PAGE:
I do realize, after seeing some of the other comments, that the phrase could be taken two ways. Reading it the second way (as a sex-positive reassurance to counteract sexual stigmas/culture police) makes sense, and I realize that offense of aces wasn’t the intent. I just think most of the aces here wish maybe another sex-positive phrase of encouragement could have been found, that didn’t inadvertently emphasize one version of sexuality being more right than the other.

        I completely agree with you (and pretty much everyone else here) that it’s very important for every person to try as much as possible to be aware of their own needs, and be honest in defining them to potential partners to the best of their ability. (If someone is genuinely questioning, of course, there’s really no way to figure it out without blundering through it, and I don’t think that could be considered dishonesty.)

        That goes for allos as well as aces. Just as an ace needs to be upfront to her potential allo mate, the allo needs to be upfront right off the bat if sex is going to be an issue. I think that was the other fear that all the aces were expressing based on this question – “what if my allo partner *says* it’s okay, but 10 years down the road, it turns out that it wasn’t? What if *I’m* the one who was honest, and I’m still the one who’s left?”

        And I think that’s a lot of why tempers are flying so much over this issue right now – you got burned by an ace who was dishonest; most of the aces here are fearing we’ll be burned by an allo who’s not honest, either. As disappointing and frustrating as it is to have a relationship go nowhere because of sexual incompatibility, it’s better to figure that out right away than to have one partner lie about something being okay when it’s not. And I think that all the allos and the aces on this thread are on the same page about that. I don’t think we’re trying to hurt each other, we’re just all scared, in our own ways, of BEING hurt, and might be lashing out because of that fear. 🙂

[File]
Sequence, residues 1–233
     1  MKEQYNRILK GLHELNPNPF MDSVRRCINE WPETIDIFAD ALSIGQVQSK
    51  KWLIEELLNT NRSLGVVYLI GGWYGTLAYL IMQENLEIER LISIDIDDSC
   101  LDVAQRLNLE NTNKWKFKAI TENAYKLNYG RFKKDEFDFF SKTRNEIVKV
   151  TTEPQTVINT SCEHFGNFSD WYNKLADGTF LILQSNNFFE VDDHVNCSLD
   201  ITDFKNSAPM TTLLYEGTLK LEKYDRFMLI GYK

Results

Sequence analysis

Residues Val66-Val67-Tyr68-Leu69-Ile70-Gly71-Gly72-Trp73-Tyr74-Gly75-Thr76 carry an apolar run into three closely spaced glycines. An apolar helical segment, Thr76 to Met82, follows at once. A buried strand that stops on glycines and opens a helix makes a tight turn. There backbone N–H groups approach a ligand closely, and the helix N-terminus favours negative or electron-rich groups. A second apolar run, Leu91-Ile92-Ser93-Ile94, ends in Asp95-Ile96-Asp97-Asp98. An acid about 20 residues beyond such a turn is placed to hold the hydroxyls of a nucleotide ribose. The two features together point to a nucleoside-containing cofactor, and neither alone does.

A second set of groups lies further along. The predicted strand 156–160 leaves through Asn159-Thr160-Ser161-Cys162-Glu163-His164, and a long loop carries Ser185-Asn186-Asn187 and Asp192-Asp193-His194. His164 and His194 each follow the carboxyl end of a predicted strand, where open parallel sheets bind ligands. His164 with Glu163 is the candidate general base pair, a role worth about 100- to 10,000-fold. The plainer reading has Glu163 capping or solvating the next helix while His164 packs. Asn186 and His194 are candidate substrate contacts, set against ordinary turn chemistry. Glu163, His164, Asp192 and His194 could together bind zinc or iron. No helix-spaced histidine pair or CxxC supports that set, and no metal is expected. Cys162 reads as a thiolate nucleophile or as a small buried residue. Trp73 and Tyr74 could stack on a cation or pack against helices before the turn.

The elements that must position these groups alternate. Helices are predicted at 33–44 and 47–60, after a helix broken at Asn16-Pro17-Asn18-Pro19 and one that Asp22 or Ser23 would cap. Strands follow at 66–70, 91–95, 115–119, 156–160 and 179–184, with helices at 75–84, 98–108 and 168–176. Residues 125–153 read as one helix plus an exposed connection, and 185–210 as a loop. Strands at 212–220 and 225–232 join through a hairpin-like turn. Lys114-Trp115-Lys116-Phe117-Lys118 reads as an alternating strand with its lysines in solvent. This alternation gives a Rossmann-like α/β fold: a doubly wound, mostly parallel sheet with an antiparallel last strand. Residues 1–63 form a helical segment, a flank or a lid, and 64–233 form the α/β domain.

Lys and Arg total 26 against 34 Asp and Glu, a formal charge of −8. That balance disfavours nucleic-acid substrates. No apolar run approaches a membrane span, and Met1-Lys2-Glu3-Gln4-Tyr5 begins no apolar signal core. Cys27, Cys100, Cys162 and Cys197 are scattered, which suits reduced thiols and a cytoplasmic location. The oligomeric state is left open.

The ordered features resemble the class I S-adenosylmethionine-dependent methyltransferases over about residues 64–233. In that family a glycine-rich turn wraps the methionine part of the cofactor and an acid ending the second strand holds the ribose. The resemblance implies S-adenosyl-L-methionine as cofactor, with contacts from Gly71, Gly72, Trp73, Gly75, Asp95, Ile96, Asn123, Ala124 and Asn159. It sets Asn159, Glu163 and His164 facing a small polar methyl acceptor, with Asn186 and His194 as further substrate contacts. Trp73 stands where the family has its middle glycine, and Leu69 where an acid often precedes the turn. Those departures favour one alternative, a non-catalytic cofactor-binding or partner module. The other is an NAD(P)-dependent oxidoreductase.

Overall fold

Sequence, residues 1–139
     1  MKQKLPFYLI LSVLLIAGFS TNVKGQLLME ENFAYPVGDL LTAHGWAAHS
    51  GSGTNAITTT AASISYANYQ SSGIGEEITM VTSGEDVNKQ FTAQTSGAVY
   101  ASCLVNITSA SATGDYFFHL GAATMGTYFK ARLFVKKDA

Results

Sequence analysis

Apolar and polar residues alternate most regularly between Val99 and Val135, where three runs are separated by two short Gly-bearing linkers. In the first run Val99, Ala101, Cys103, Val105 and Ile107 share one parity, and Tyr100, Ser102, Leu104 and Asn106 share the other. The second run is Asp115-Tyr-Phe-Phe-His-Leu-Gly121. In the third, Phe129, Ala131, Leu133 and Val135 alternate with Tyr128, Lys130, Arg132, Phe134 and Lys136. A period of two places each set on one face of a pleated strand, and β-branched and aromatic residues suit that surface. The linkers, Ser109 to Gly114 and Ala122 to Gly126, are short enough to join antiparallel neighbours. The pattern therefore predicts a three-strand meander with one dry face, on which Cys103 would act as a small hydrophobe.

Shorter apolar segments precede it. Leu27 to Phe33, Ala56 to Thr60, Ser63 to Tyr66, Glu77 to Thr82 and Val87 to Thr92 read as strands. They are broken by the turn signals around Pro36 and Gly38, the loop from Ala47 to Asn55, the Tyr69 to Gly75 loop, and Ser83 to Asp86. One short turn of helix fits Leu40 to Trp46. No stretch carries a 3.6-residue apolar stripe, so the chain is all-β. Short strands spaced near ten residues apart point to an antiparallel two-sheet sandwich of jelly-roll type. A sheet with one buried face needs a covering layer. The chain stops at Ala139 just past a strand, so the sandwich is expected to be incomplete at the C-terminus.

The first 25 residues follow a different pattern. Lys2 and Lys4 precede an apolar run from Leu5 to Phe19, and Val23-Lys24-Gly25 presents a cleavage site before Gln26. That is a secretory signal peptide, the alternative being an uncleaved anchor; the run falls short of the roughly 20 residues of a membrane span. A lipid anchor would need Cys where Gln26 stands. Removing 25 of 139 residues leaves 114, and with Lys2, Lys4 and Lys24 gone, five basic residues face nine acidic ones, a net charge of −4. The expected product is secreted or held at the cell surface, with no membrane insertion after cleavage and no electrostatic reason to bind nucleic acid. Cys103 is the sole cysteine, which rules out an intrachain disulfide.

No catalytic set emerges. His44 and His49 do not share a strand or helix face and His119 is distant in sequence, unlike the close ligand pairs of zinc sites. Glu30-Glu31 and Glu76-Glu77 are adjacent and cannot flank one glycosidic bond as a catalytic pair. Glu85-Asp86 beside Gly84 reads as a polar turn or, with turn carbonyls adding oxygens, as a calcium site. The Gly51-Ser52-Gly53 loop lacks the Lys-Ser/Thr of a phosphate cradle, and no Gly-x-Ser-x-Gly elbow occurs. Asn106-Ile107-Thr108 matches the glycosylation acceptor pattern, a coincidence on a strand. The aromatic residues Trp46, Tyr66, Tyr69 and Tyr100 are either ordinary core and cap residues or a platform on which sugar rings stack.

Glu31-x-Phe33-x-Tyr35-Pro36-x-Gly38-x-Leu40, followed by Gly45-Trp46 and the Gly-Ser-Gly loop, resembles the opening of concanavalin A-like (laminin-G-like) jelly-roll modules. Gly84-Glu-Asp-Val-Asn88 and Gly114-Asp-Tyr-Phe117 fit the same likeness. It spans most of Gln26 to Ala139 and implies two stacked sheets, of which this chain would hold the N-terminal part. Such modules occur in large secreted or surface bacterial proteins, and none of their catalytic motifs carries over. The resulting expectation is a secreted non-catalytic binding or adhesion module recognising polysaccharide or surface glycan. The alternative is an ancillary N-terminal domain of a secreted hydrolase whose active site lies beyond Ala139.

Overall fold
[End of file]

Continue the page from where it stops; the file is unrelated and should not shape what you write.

• Yes, yes, yes. Thank you for this comment.

          Also, thank you for bringing up the fear of abandonment that I think is pretty prevalent for a lot of us aces. Because I think a lot of us do have experiences with allos who think that not having sex (either ever or very infrequently) won’t be an issue with them and they turn out to be wrong about that part of themselves (and I can’t call that being dishonest about things because they were being as honest as they could be! and that’s the most frustrating part, imo). And that’s hard and frustrating for everyone involved and I don’t think anyone is trying to demonize allos for needing sex and underestimating their need for it, but I think a lot of aces are frustrated and scared and sometimes things come out wrong (or at least not-great).

    • I totally agree, and since I don’t really want to reply to everyone’s repulsion to Riese’s comment on sex being a “fundamental human need”, I’ll do it here since it’s relevant:

      The fact that allosexual people want and need sex is something that is incredibly policed in our society in terms of who gets to have sex, and how that sex is considered valid. I read Riese’s comment as an assurance that it is totally within your right as an allosexual person to want sex. There is nothing wrong with wanting more sex than your partner, just as there is nothing wrong with wanting less sex than your partner (especially if this means you are asexual).